Essentially, Plaintiff is left only with the good-cause or excusable-neglect route, and the Court, therefore, CONSTRUES his Motion as one for an extension of time under Federal Rule of Appellant Procedure 4(a)(5). Nonetheless, Plaintiff cannot--nor does he even attempt to--meet the mandates of Rule 4(a)(5). Most notably, Plaintiff did not timely move for an extension within 30 days from the expiration of his initial time to appeal, and this avenue is likewise, foreclosed.[4] See Fed. R. App. P. 4(a)(5)(A)(i). Moreover, in this untimely Motion, he merely argues that his attorney's letter to him “was insufficient to put [him] on notice that he could proceed [pro se] or request appointment of counsel as an indigent on appeal.” [Doc. 33 at p. 2]. Neither of these reasons are sufficient to demonstrate the requisite “good cause” or “excusable neglect” necessary to permit the Court to overlook Plaintiff's delinquent filing and extend his time to appeal. His Motion dated December 19, 2019, is seven days too late. Compare [Doc. 30] with [Doc. 33 at p. 3]; see also Fed. R. App. P. 4(a)(5). In addition to the Court's finding that any appeal taken in this case would be untimely, there is also is no good faith basis for appeal in this case. Fed. R. App. P. 4(a)(1)(A); Fed. R. App. P. 24(a)(3).

         With regard to Plaintiff's IFP Motion, a court may authorize an appeal of a civil action or proceeding without prepayment of fees or security therefor if the putative appellant has filed “an affidavit that includes a statement of all assets” and “state[s] the nature of the . . . appeal and [the] affiant's belief that the person is entitled to redress.” 28 U.S.C. § 1915(a)(1). Here, Plaintiff did neither. To support his extension-of-time request (as well as his IFP Motion), Plaintiff only argued that his attorney “was permitted to withdraw without filing the mandated motion to withdraw after exhibiting a lack of knowledge as to the mandate of [the] PLRA” and its requirement “that prisoners exhaust prison grievance procedure[s], ” and that his attorney's “deficient performance now works to deny [him] [his] right to timely appeal [the] Court['s] decision to dismiss his [Amended Complaint.]” [Doc. 33 at p. 2].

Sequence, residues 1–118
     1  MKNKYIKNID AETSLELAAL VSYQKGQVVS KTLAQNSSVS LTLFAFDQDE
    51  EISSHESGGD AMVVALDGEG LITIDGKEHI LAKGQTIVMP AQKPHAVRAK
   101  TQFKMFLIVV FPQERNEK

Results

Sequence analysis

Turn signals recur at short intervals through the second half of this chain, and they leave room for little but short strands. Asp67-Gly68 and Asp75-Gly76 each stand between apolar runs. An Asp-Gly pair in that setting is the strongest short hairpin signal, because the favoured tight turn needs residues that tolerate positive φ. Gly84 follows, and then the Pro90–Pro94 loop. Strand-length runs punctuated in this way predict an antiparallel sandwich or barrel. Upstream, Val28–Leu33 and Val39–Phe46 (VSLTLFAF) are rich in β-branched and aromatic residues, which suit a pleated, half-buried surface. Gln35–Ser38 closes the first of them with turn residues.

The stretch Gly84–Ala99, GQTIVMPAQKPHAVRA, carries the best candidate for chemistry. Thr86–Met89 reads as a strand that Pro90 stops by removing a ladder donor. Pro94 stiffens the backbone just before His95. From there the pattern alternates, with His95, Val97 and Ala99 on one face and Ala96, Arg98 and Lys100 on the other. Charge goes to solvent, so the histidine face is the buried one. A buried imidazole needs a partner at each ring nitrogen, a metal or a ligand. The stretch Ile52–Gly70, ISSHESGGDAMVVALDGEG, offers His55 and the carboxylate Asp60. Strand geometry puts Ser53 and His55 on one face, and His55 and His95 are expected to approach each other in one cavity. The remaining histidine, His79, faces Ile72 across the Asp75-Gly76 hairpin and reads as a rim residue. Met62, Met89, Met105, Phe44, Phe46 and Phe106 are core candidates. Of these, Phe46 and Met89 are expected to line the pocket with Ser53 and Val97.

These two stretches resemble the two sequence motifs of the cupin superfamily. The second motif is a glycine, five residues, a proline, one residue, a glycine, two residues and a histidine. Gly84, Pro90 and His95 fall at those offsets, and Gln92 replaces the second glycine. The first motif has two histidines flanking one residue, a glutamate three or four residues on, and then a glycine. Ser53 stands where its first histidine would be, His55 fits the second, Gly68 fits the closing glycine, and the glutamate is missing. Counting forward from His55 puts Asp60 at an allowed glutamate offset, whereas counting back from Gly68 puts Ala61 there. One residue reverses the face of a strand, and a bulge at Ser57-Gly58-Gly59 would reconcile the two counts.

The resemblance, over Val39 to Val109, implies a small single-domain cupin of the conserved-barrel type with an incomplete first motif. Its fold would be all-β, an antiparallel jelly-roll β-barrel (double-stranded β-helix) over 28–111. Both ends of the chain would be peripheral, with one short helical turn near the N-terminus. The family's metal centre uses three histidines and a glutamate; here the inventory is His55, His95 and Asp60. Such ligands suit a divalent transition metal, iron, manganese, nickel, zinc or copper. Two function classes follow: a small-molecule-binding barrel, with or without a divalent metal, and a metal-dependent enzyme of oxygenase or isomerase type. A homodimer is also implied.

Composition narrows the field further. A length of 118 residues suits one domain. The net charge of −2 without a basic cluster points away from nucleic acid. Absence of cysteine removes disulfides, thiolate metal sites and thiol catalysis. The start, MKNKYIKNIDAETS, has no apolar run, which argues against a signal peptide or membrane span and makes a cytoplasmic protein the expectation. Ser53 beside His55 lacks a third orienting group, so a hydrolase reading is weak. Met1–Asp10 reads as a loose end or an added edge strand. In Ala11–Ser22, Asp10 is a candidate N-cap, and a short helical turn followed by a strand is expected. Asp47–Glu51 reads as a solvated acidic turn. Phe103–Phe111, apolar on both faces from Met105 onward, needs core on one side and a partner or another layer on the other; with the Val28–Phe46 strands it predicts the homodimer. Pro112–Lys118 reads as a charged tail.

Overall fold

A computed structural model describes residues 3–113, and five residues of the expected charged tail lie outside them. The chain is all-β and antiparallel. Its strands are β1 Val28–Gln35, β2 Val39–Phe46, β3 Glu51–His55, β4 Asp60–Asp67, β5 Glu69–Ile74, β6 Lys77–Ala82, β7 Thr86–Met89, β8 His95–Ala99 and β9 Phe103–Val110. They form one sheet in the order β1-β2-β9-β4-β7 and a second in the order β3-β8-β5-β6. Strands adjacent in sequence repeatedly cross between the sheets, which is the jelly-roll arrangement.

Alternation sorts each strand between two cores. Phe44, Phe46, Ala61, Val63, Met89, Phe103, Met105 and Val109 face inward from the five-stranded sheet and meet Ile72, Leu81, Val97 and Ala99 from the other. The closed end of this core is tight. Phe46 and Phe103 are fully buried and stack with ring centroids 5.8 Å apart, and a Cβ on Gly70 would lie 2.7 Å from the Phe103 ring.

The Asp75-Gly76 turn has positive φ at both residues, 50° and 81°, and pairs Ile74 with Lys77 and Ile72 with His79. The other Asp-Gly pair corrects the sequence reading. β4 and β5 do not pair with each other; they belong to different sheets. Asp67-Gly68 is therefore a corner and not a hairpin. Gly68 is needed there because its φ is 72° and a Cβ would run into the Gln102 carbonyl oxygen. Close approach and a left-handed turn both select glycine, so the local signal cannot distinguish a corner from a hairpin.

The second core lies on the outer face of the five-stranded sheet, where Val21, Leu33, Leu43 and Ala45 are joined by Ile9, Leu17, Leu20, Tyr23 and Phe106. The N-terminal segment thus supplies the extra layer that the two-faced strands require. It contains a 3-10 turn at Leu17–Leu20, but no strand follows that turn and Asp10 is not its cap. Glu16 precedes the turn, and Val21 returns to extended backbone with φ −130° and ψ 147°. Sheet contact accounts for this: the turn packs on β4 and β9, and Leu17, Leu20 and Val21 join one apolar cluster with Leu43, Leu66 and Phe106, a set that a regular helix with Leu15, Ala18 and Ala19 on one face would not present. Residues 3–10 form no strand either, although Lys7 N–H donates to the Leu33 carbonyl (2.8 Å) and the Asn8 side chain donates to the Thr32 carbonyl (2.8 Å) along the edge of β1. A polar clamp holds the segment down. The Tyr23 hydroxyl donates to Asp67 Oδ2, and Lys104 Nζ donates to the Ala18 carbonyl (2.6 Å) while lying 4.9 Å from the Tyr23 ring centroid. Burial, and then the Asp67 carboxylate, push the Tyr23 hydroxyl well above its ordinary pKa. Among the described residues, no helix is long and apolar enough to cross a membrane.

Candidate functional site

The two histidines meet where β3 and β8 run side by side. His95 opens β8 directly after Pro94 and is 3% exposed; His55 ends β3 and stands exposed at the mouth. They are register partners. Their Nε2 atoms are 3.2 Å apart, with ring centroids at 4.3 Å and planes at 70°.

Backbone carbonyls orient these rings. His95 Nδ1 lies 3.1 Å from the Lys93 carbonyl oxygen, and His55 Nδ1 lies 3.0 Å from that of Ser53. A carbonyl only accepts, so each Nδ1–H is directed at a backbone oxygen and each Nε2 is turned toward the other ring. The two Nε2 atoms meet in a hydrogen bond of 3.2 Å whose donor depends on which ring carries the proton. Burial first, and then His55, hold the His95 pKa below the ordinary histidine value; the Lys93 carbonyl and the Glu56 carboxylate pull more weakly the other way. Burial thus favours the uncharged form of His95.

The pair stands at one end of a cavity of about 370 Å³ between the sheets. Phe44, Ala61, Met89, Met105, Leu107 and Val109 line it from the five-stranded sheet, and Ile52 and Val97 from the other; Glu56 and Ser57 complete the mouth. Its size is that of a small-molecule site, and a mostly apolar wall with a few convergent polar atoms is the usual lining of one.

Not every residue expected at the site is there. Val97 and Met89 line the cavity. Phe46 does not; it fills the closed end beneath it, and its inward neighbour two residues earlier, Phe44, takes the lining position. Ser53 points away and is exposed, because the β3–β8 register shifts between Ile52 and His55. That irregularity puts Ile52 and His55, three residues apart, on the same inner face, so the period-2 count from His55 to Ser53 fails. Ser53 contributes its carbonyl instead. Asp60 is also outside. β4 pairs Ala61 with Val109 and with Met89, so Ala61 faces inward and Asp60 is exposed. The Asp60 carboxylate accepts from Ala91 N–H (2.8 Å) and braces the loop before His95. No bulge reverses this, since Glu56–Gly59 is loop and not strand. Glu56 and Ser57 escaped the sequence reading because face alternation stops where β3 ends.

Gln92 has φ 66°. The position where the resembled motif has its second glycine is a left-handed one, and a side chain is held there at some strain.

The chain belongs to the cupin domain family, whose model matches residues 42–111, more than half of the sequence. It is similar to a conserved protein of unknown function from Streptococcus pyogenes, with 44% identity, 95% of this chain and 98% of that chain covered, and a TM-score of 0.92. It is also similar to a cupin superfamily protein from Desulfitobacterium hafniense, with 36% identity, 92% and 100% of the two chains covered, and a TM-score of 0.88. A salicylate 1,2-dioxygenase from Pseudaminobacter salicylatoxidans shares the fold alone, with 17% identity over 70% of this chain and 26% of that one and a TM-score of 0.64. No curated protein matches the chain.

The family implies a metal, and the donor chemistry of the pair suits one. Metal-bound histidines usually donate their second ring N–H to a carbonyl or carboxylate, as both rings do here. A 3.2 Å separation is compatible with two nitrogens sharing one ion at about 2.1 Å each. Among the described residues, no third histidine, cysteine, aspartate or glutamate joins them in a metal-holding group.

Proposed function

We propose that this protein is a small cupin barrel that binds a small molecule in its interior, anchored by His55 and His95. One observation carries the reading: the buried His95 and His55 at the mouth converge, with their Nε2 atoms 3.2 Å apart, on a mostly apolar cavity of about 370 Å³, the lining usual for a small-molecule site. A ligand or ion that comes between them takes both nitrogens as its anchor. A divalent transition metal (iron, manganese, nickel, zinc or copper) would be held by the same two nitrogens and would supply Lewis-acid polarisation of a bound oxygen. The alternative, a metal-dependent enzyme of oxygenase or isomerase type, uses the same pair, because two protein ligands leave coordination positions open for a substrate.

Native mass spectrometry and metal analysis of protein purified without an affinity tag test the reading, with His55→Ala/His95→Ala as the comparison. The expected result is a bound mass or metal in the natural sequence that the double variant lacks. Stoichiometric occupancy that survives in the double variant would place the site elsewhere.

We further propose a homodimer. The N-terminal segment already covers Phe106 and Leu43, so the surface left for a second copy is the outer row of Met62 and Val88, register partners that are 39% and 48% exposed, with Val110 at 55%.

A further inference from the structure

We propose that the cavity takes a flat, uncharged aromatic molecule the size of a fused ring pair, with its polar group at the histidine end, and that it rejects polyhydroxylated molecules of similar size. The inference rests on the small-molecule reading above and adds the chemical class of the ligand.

Plaintiff also contends that the Court appointed his attorney and that he was not “given the opportunity to object to appointment of this counsel.” [Id. at p. 1]. However, this is simply untrue. Plaintiff's attorney initiated this civil action when he filed the original Complaint [Doc. 1] on Plaintiff's behalf, and there is nothing in the record to show that the Court appointed anyone. Before Plaintiff's attorney filed the original Complaint, the Court had no knowledge of this case's existence to even have the ...